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June 10th 2010
Published: June 19th 2010EDIT THIS ENTRY

Topsham - The house from the riverTopsham - The house from the riverTopsham - The house from the river

If you look hard, you'll see Pat enjoying the sunshine somewhere near the centre of the picture. M&P's house is the tall, pale blue one.
Monday 7 June to Thursday 10 June

Topsham - Coleton Fishacre - Kingswear - Dartmouth - Greenway - Totnes

It’s strange what you notice on a motorway car journey, isn’t it? Somewhere on the M5, we saw a naked man and a camel. The man was about six metres high and made of wicker. The camel was made of concrete.

Now I have your attention, let me bore you with what we’ve been doing for the past few days...

The first part of our short break to Devon and Cornwall was to see some very good friends. I resist the temptation to call them very old friends for fear of upsetting them, but they’re also retired and we’ve known them for over thirty years, so perhaps “old” is correct after all. Sorry!

Maureen and Peter live in an historic house almost on the banks of the River Exe in the pretty little town of Topsham in Devon. The house is almost unrecognisable from when we last saw it just a couple of years ago; they have transformed it from a rundown shell, after only minor scuffles with the local authority’s conservation dragons, into a charming and
Peter in his boatPeter in his boatPeter in his boat

Messing about on the river...
characterful home with all mod-cons. They’re an extremely hospitable couple - fortunately, as we’re just two of their many friends vying for a few nights’ bed and breakfast and Maureen’s great cooking in this lovely part of the country!

There’s a superb view from their first-floor lounge towards the river and the hills beyond, as you can see from the panorama at the top of the page. They have a lovely courtyard garden at the back of the house and a pretty pocket-handkerchief garden right on the riverbank, where the scent of old-fashioned pinks filled the air while we enjoyed drinks and watched the wildlife and boats. One of those boats was Peter’s and a jaunt downstream on a sunny evening made for a very enjoyable excursion. Once upon a time, the wide River Exe was navigable to large cargo vessels - indeed, their front garden was once part of a quay - but now it would have been easy to run aground if the green and red buoys marking the narrow, meandering channel between the sandbanks hadn’t been pointed out to me by Peter as I steered the boat home.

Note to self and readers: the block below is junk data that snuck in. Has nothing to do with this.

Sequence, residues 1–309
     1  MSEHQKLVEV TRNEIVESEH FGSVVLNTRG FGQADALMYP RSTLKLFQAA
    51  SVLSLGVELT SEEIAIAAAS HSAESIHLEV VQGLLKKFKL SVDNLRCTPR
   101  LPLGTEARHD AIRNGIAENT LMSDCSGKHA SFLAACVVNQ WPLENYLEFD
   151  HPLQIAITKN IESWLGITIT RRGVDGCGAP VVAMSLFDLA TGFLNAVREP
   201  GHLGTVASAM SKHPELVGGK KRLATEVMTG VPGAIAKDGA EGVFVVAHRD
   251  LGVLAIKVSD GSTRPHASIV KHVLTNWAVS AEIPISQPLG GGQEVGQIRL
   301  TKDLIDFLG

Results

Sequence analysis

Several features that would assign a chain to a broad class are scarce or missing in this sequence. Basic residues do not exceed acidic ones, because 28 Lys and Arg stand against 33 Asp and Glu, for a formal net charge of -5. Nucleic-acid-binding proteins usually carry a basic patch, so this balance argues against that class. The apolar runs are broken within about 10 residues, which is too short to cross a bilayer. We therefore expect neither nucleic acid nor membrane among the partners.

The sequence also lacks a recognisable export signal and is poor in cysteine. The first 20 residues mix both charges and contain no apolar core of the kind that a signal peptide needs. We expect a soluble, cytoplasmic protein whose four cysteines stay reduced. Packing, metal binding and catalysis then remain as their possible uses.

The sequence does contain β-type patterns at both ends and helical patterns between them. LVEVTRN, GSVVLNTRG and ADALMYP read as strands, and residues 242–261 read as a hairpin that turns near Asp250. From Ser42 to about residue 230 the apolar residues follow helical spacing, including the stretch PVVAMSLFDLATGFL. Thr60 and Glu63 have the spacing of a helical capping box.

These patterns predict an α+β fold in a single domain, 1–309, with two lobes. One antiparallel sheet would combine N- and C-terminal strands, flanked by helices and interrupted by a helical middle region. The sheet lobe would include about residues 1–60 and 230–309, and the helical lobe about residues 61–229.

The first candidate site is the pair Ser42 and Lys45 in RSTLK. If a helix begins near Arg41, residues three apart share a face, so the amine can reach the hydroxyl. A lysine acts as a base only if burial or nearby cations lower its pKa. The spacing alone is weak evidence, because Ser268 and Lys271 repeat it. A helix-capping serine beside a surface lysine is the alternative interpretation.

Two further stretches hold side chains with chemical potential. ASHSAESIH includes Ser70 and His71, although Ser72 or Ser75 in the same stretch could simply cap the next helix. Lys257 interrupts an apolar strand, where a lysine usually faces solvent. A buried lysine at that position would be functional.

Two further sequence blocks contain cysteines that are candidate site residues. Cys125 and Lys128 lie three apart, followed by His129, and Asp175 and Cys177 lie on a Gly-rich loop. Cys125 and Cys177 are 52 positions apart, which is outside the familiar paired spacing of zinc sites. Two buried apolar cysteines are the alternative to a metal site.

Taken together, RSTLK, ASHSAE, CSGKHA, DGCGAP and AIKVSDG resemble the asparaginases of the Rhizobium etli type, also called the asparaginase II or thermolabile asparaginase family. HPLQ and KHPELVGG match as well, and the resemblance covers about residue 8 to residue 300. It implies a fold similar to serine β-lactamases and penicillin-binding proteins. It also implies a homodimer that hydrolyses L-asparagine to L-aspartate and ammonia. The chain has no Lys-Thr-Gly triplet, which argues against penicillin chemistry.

Topsham’s narrow streets are filled with attractive
Coleton FishacreColeton FishacreColeton Fishacre

The house from the delightful gardens
old houses, some with lovingly manicured gardens that would be open for charity during the coming weekend. Alas, we would then be in the neighbouring county of Cornwall so we had to make do with some National Trust gardens in the locality.

We'd planned to spend time in Exeter but Maureen highly recommended a visit to Coleton Fishacre instead - and we'll be forever grateful that she did. It would have been tragic to have missed such a delightful place.

This house and garden by the sea were built in 1923-6 for Rupert D’Oyly Carte, son of Richard - the impresario behind Gilbert and Sullivan operettas like The Pirates of Penzance, whose business empire included Claridge’s and the Savoy Hotel and Theatre in London. This fabulous Art Deco house was the scene of much entertaining, particularly at weekends when Rupert came down from London to join his wife, Dorothy. Then, they’d go shooting and fishing, sailing their yacht to gardens in south Cornwall in search of inspiration for their own, or simply hosting bridge parties attended by the likes of conductor Sir Malcolm Sargent and painter (and designer of the 1926 Mikado costumes) Charles Ricketts.

As the house
KingswearKingswearKingswear

A view of Kingswear from the Dartmouth ferry
has changed hands over the years, it contains only a few items of its original furniture but decorative bathroom tiles, light-fittings and a huge pictorial map in the library do remain from the Jazz Age. The rest of the interior has been carefully and cleverly restored to those times and it certainly evokes its former happy style.

The vast gardens, starting formally with terraces and a walled Rill Garden, descend through increasingly wild vegetation to the sea at Pudcombe Bay. We walked right down, discovering a bird-watcher with his telescope fixed to a view of a Peregrine Falcon perched on the cliff, before struggling back up with frequent rest stops at some of the stunning viewpoints. We thoroughly enjoyed our visit to this atmospheric and well-maintained property.

Afterwards, we drove down into the nearby town of Kingswear, where Pat had spent childhood holidays. We couldn’t identify precisely where her great-uncle had lived but suffice to say that the house had a super view across the wide river to Dartmouth. We parked up and took the passenger ferry across, spent a couple of hours browsing Dartmouth’s shops and enjoying a memorable afternoon tea - real leaf tea, complete with